Was The Kingdom of God Postponed Because Most Jews Rejected His Son?
Our good brother Jim Gunter has written an article addressing the modern view of the postponement of the kingdom of God. This is a very important study and we invite you to examine it closely.
The question posed in the above title is one to which some disciples would answer, ”Yes!” These disciples consider a postponed “Kingdom of Christ” to be the very hope of Israel, which in their view is yet to come. As for this concept of our Lord’s kingdom, they would probably declare it to be somewhat on this fashion:
“A future time when Yahweh restores national, fleshly Israel to its former place of grandeur and preeminence over all the nations of the earth; that it will be a day when Jesus comes back to earth, physically, at which time He will take his place upon David’s literal throne as King in the earthly city of Jerusalem, where He will reign for a thousand years. Moreover, they contend that “all” the Jews at that time will, collectively, turn to Jesus and accept Him as their King and Messiah.”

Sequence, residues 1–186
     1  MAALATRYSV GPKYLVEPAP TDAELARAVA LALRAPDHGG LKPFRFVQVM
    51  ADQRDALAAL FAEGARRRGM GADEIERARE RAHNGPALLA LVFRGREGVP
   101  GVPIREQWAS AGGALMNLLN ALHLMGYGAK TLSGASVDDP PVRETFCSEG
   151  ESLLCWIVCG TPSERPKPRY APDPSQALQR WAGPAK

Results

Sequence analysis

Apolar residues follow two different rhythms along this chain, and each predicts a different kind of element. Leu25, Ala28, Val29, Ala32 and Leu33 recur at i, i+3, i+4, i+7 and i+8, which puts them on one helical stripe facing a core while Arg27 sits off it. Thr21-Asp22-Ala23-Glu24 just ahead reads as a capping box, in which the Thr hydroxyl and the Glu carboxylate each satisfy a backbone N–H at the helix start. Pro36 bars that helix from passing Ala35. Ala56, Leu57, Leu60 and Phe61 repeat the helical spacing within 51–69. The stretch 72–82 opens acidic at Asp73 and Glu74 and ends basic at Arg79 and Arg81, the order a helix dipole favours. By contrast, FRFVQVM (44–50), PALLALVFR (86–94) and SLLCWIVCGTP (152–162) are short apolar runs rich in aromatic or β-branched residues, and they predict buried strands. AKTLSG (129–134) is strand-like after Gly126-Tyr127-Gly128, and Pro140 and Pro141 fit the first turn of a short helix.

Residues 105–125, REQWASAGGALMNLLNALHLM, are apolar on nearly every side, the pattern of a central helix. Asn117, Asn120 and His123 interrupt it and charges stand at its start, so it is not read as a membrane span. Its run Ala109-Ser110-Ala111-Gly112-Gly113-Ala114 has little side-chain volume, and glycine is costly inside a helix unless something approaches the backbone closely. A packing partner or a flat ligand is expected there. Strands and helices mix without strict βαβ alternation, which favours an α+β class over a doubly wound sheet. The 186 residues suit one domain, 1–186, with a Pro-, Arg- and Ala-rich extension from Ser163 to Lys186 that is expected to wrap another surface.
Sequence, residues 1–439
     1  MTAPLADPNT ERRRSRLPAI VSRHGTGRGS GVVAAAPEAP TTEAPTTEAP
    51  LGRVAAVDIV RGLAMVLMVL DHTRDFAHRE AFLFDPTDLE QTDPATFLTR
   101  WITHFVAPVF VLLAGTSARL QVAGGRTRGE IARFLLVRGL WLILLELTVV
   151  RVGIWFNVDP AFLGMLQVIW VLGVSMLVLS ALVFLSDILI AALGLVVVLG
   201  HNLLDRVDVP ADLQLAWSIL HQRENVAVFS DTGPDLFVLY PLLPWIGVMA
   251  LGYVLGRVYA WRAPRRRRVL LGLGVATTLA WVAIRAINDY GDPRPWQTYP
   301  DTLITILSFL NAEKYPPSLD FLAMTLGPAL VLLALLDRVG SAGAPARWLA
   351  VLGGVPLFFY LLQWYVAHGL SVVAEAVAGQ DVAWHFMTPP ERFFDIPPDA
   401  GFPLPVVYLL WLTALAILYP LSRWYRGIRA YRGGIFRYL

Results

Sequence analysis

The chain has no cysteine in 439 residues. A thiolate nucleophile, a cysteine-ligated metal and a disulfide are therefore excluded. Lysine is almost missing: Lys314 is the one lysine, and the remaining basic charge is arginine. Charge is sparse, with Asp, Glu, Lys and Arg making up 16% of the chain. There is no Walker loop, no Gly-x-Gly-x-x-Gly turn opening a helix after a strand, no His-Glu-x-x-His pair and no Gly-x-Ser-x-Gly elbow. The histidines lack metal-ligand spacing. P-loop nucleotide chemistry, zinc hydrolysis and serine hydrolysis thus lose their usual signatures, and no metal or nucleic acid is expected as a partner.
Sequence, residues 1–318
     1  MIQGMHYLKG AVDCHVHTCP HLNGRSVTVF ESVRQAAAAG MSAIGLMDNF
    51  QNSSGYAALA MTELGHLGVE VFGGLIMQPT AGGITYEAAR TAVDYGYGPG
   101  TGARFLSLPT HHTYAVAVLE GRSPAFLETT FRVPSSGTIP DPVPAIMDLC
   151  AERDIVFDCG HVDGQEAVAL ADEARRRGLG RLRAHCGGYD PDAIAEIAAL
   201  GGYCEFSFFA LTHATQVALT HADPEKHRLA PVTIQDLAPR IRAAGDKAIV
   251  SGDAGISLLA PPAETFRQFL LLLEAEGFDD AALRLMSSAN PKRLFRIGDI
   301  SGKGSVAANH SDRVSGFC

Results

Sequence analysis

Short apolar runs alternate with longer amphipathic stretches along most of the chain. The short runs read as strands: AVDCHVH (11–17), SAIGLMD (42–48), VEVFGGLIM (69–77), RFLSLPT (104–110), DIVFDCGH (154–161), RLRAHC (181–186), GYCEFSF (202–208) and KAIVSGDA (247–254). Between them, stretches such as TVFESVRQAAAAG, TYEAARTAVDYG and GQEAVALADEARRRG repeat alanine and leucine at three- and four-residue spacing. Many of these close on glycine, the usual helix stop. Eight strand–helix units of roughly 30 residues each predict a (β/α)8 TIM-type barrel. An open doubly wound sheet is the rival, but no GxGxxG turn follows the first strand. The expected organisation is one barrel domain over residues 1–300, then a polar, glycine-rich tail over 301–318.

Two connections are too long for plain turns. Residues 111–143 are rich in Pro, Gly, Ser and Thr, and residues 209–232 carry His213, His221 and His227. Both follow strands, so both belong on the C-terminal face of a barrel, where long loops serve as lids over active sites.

I think we would all agree that if the above is truly the teaching of our Father’s word, then we should all believe it and also be teaching it, should we not? But is it?
First, it should be noted that the kingdom of God was first promised as far back as when the Lord made the promise to King David as recorded in 2 Sam. 7:12-13. Here, the Lord said to David: “When your days are complete and you lie down with your fathers, I will raise up your descendant after you, who will come forth from you, and I will establish his kingdom. He shall build a house for My name, and I will establish the throne of his kingdom forever.”